Photosynthesis 6CO2 + 6H20 = C6H12O6 + O2 (plants turn carbon and water into sugar)
Cellular Respiration Glucose (C6H12O6) + Oxygen Gas (O2) = CO2 + H2O + energy
Carbon is returned to the abiotic (nonliving) part of the ecosystem in several ways:
- Cellular respiration releases carbon dioxide into the atmosphere
- When plants and animals die, they decompose, which releases carbon dioxide
- Combustion releases carbon dioxide.
What do greenhouse gases do?
Trap heat to warm the Earth
What are the greenhouse gases?
Water, ozone, carbon dioxide, nitrous oxide, and methane
___ of the greenhouse effect is caused by ______. How?
⅔ of the greenhouse effect is caused by water vapour in the atmopsphere (the amount depends on temperature; the higher the temperature, the more water vapour in the air because heat causes evaporation of water)
Greenhouse Effect steps
1. Solar energy passes through the atmosphere, warming the Earth
2. Some of the sun’s energy is reflected back into space
3. Greenhouse gases in the atmosphere trap some of the heat
Human Activities: def
Our activities are changing the amount of greenhouse gases in the atmosphere.
anything that removes CO2 from the atmosphere (plants)
Human Activity: deforestation
In some areas of the world, forests are being cleared by burning them (combustion), which adds more carbon dioxide. In addition, deforestation means there are fewer trees available to perform photosynthesis, which would have taken carbon dioxide out of the atmosphere.
Human Activity: garbage
Another way humans add greenhouse gases to the atmosphere is by producing huge amounts of garbage, which gets put into landfill and produces carbon dioxide as a by product of decomposition.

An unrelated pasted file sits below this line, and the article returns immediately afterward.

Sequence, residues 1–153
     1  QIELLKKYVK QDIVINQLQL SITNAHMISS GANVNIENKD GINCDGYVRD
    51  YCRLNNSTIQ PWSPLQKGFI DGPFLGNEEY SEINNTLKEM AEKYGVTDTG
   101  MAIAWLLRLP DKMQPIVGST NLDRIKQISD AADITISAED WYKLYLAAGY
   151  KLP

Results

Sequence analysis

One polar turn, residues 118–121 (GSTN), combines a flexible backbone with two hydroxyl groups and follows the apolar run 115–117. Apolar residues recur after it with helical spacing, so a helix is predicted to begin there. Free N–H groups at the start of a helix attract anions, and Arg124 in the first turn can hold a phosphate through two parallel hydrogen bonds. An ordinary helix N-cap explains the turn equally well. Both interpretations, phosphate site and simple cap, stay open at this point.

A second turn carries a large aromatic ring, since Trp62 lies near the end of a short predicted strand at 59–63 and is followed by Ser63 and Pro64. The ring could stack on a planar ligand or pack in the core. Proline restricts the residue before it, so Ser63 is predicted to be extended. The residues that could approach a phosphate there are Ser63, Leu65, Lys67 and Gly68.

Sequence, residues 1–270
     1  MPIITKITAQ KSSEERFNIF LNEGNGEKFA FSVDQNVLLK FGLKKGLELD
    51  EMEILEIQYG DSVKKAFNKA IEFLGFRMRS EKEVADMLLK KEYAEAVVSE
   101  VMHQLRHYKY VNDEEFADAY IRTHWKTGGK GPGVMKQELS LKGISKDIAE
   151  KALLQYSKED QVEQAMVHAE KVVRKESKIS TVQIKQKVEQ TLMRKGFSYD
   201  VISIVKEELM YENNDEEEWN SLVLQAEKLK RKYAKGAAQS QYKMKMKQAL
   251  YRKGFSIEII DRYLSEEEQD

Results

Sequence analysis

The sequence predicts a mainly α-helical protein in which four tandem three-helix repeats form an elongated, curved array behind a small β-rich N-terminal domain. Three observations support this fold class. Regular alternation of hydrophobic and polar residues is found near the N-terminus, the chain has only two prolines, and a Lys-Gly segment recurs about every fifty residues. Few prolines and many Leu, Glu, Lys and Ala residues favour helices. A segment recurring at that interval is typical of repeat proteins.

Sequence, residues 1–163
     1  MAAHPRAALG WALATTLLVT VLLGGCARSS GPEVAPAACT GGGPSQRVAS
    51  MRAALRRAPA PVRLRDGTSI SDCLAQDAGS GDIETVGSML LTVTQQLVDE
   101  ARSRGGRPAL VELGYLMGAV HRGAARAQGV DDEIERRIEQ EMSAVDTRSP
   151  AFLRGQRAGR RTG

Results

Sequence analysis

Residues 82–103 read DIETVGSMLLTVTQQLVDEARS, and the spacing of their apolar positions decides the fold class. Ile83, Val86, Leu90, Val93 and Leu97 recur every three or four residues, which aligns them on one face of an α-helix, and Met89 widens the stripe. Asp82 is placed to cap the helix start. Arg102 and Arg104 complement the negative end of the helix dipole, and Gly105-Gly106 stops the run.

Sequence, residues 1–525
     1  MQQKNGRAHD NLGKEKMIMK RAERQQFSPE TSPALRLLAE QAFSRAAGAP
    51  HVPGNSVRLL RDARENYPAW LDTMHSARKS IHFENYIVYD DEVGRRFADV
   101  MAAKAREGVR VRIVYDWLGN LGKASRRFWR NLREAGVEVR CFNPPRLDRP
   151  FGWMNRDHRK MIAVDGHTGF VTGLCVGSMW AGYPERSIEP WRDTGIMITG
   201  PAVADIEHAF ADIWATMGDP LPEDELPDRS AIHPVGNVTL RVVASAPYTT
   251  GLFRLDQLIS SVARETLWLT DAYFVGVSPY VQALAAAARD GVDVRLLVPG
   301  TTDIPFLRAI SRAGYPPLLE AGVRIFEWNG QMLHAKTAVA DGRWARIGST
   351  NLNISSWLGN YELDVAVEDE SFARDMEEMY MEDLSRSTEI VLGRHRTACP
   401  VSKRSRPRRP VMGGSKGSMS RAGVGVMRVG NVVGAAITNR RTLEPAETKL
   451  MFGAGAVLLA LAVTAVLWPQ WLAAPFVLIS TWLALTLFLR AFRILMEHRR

Human Activity: livestock
Our livestock contributes to greenhouse gases by producing large amounts of methane (fart), which is able to absorb more thermal energy than CO2 so it is 23 times more powerful as a greenhouse gas.
Increased concentration of CO2 is causing ___________.
The increased carbon dioxide concentration in the atmosphere is causing an increase in global temperature which had increased by 1°F
How much has Canada warmed?
Canada has warmed by 1.3°C since 1948, with the Arctic experiencing the greatest increase
Positive Feedback Loops: def
Cause has an effect which then increases the original cause.
First Example of Positive Feedback Loops in climate?
Water Vapour feedback loop:
Warmer temperature ➨ more evaporation ➨ even warmer temperature
Second Example of Positive Feedback Loops in climate?
- Proportion of radiation reflected by a surface; snow/ice has higher albedos than rocks/vegetation because they reflect more of the sun’s radiation
- Warmer temperature ➨ melts snow/ice ➨ even warmer temperature (less reflection, more absorption of heat)
Effects of Global Warming: Climate
- Spring is coming 2 weeks earlier in some parts of the world which disrupts animal migrations and can have impacts on ecosystem balances
- Heat waves are occuring which is causing droughts in some areas
- Increased rainfall in areas is causing flooding
Effects of Global Warming: Sea Levels
Rising as a result of melting of glaciers and expansion of ocean water, which is causing coastal flooding
Effects of Global Warming: Health
- Heat waves cause deaths, especially among the elderly, young, ill, poor
- Warmer temperatures have allowed disease-carrying mosquitos to migrate and extend their ranges
Effects of Global Warming: Ecosystems
- Coral reefs are dying because water temperature is rising
- Disruption of the Arctic climate due to warming of Arctic Ocean and melting the ice may lead to the extinction of polar bears
Carbon Footprint: def
- The measure of the impact our activities have on the environment, and in particular on greenhouse gases
- Related to the amount of carbon dioxide produced in our daily lives
Primary Footprint: def
direct emissions of carbon dioxide from the burning of fossil fuels (we have direct control over this)
Primary Footprint: examples
- Gas, oil, coal (domestic energy consumption)
- Private transport